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Stressed? Spending Time With Animals Might Help

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Leslie Becker-Phelps, PhD - Blogs
By Leslie Becker-Phelps, PhDPsychologistJuly 24, 2019
From the WebMD Archives

If you’ve ever pet a soft animal like a dog, cat, or bunny when you’re upset, you probably know firsthand how calming animals can be.

People gain a lot from cuddling with their pets, but “animal assisted intervention” – or pet therapy – can be much more than that. Many people are helped through equine therapy, which involves caring for horses. People are also helped by tending to crickets, playing with dolphins, and gazing at fish. Even just watching videos of animals can help you feel better.

How does all of this help? On a physical level, spending time with animals can increase our immune functioning, lower heart rate and blood pressure, and decrease pain. On an emotional level, interactions with animals can help to decrease loneliness, increase happiness, calm anxiety, ease social discomfort, and reduce emotional pain. In fact, researchers at Washington State University recently found that petting a dog or cat for 10 minutes can significantly reduce cortisol (your body’s main stress hormone).

Although no one knows for sure what makes interactions with animals so helpful, there are a number of theories. Many supporters of pet therapy believe that it can be explained by the biophilia hypothesis, which was first proposed in 1984 by noted biologist E. O. Wilson. It states that people are naturally attracted to other living creatures, and so observing them is relaxing. Learning theory suggests that animals distract people from the things that upset them, allowing them feel calmer. By repeating this over time, they become less anxious.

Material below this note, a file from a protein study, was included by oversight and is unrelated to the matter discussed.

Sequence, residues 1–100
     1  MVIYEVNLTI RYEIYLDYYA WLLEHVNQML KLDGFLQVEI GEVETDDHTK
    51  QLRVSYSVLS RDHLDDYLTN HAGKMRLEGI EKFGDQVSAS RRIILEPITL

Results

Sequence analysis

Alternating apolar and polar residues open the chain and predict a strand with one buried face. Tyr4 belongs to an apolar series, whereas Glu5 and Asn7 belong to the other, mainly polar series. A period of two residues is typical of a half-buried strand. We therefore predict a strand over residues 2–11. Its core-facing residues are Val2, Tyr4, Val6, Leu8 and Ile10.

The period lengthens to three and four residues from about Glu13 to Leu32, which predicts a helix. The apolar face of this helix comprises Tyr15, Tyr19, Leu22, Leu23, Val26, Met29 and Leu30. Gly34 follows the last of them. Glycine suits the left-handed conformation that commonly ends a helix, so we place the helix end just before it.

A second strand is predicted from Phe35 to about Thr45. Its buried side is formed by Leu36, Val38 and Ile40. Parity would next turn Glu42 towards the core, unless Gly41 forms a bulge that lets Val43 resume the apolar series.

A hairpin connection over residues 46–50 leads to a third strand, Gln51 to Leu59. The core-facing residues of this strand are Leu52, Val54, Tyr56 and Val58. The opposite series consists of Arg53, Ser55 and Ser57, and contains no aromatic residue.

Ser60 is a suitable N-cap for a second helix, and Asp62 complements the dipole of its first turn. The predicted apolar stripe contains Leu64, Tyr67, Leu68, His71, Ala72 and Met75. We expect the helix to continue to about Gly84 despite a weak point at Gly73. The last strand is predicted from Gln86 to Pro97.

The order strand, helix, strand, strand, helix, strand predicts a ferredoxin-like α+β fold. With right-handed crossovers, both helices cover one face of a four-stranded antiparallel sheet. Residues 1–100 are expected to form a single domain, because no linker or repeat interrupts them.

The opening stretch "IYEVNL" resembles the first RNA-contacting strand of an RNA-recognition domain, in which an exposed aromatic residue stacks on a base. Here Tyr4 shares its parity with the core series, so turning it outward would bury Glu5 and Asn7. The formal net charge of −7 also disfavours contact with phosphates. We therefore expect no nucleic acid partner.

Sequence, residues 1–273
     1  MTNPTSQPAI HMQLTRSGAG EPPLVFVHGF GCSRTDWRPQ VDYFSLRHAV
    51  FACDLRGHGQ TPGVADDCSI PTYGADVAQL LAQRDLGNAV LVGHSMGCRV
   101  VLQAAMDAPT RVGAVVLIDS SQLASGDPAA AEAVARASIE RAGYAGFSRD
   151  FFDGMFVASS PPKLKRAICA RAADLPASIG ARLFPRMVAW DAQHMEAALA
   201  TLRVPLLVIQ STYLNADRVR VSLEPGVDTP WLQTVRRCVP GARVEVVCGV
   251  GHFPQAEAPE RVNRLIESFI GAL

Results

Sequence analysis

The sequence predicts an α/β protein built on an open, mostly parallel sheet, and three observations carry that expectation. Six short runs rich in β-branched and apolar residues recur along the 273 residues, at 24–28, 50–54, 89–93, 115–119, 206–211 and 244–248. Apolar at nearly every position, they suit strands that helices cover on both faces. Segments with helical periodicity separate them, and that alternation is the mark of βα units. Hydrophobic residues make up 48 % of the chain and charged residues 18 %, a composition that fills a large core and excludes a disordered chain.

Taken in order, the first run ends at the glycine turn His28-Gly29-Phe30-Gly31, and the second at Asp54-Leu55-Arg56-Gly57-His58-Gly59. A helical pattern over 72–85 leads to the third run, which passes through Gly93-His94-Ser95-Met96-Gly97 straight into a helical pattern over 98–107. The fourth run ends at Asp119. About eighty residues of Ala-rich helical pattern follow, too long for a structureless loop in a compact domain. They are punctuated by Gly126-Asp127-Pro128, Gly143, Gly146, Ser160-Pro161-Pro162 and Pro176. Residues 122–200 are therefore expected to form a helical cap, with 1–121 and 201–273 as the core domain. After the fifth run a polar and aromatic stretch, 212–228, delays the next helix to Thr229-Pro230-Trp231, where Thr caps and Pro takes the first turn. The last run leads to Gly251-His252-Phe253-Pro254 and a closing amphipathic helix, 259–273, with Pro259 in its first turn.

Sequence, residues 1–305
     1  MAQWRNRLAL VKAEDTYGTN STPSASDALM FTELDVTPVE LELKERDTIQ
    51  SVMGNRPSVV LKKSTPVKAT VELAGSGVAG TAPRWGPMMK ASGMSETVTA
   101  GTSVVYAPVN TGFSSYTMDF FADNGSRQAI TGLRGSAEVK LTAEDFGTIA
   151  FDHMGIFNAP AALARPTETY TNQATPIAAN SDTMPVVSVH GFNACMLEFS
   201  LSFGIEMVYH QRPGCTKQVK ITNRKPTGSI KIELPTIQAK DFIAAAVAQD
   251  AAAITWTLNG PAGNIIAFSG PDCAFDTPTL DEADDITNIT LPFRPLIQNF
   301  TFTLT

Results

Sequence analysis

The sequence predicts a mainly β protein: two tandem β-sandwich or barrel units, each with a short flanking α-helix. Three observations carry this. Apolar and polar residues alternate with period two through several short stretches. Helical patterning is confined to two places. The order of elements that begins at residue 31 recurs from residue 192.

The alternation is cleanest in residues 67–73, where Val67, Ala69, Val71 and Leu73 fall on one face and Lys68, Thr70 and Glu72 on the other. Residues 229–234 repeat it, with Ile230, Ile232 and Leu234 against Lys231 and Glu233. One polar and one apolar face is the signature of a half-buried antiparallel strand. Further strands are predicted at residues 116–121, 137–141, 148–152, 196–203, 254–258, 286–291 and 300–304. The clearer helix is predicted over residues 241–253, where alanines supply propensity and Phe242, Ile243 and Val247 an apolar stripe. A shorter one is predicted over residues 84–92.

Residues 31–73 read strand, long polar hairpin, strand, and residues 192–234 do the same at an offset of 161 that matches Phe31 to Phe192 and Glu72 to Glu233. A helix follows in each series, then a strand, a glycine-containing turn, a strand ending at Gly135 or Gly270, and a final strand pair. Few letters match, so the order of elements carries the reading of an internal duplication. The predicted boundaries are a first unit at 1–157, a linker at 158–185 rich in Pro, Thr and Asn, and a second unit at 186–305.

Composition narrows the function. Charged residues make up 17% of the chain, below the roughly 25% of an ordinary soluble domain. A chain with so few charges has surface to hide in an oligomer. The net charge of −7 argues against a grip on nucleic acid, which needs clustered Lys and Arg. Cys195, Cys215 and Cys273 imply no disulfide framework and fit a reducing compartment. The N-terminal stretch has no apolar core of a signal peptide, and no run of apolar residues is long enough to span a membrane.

Another theory suggests that animals facilitate social engagement and meet some social needs. When you are around some animals, you are more likely to smile, talk with, and have a good time with others. This reaction is similar to how people often respond to infants or young children.

If you’re interested in getting a pet, there are a spectrum of options. Whether you choose the traditional cat, dog, or hamster, or the less conventional snake, ferret, or turtle, keep in mind that just as people differ in their temperaments and needs, animals do, too. So it is important that you find a pet that is a good fit with you and your lifestyle.

To enjoy animals without taking on the full responsibility of owning one, you could consider volunteering at an animal shelter, fostering an animal, or participating in the training of service animals, such as guide dogs for the blind. These are great ways to test out whether you are interested in getting a pet or are wonderful long-term options for including animals into your life.

If you are often anxious, depressed, stressed, or feel lonely, there are many ways to help yourself. As you consider how best to address your struggles, you may benefit a lot by finding ways to include animals in your life.

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About the Author
Leslie Becker-Phelps, PhD

Dr. Becker-Phelps is a licensed psychologist in NJ and NY, and is on staff at Robert Wood Johnson University Hospital, Somerset. She is dedicated to helping people understand themselves and what they need to do to become emotionally and psychologically healthy. She accomplishes this through her work as a psychotherapist, speaker and writer. She is the author of Bouncing Back from Rejection and Insecure in Love.

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